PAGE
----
Vitiligo is a disease that leads to psychological discomfort. The prognosis for the course of the vitiligo disease is unpredictable. The initial appearance of changes in the skin cannot predict the further course of the disease.

Depending on the course of the disease, vitiligo may be:

Stable – no new spots appear on the skin over time;
Progressive – there is a continuous appearance of new skin spots over time.

Depending on the course of vitiligo, different treatment is needed.
Spontaneous recovery of skin pigmentation is unlikely to occur.

When vitiligo affects large areas of the body, then there is a risk of skin damage from the sun’s rays and the appearance of actinic keratoses or other types of damage.

People with vitiligo who have a visual impairment may experience poor quality of life.
Long-term vitiligo symptoms do not suggest a possibility of spontaneous recovery of skin pigmentation and the potential effect of applied therapy is small.

People who have atopic dermatitis usually have a heavier flow of vitiligo.
In the summer months, vitiligo symptoms usually improve.

The most common restoration of skin pigmentation in vitiligo begins around the hair follicles.

Treatment of vitiligo

Various means can be chosen for the treatment of vitiligo. The choice of treatment is determined by the areas and extent of involvement, the duration of the disease, and the age of the patient.

It is also important whether the disease has a progressive stroke or whether it is stable. The natural skin color is also important.

In cases where vitiligo is combined with other diseases, it is also necessary to treat the accompanying diseases.

The various treatment methods have their advantages and disadvantages. There is no universal approach and universal treatment.

The main approaches to treatment can be divided into the following groups:

Daily application of cosmetic products

Medical corrective makeup

The purpose of medical corrective makeup is to cover the imperfections. Medical corrective makeup [7] can be applied to both women and men to the face and body. The specifications required for medical makeup are: not to leave stains on clothes and have a safe formula – hypoallergenic and non-comedogenic.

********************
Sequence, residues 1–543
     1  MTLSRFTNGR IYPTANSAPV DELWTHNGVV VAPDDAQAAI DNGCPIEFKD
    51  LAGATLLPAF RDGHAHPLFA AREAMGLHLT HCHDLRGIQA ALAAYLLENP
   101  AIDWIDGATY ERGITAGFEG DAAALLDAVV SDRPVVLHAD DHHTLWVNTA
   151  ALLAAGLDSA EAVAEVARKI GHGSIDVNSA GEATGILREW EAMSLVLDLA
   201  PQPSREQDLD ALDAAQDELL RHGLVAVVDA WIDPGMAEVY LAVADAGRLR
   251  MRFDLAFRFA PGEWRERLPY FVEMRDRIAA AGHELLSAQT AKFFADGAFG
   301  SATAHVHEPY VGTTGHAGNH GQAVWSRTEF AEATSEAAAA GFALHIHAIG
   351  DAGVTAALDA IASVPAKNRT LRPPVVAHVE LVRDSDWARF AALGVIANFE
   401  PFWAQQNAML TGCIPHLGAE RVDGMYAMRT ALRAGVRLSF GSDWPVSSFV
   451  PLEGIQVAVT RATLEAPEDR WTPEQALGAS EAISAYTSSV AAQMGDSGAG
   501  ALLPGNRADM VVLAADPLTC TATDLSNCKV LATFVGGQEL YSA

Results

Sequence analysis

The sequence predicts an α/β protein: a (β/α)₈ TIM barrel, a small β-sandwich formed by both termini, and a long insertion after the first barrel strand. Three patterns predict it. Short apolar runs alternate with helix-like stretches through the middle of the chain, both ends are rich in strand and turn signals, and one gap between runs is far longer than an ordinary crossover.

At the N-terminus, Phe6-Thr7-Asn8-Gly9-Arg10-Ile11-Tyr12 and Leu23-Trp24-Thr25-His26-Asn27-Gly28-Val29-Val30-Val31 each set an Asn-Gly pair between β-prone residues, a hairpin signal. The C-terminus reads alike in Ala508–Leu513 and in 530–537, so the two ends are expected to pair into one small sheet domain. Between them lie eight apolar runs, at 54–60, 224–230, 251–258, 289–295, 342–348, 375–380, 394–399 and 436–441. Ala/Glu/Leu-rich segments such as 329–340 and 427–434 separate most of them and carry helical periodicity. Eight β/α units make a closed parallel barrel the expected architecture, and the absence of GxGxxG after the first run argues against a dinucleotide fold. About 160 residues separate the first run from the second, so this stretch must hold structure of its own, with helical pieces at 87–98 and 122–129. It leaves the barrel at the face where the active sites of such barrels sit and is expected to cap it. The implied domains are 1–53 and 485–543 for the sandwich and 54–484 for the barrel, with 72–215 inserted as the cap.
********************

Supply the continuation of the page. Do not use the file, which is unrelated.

Applying medical make-up is very appropriate for people who are unwilling to receive treatment. The application of such cosmetics has the advantages that it is cheap, almost no side effects and is easy to apply.

Autobronzants can also be used to achieve artificial tanning.

Sun protection

The use of sun protection products helps to avoid burning of the skin affected by vitiligo. The use of sunscreen prevents the appearance of cancer, as well as any damage that can cause the sun.

The application of sunscreen reduces the contrast between the affected and the normally pigmented skin can be avoided.

Restore skin pigmentation

Restoration of pigmentation of the skin [8] with vitiligo can be done using different local and systemic means.


In the treatment of vitiligo, corticosteroids may be applied. The use of systemic corticosteroids is not recommended.

Generally, they could be used in particular cases with strict indications, such as the occurrence of a rapidly progressive vitiligo, and it is necessary to stabilize the condition.

The use of topical corticosteroids [9] is widespread in people who have single and limited lesions.
People with darker skin should expect a better effect from the application of topical corticosteroids.

Treatment with topical corticosteroids usually takes 4 to 6 months. Unfortunately, after stopping such treatment, there is a risk of relapse, as well as side effects.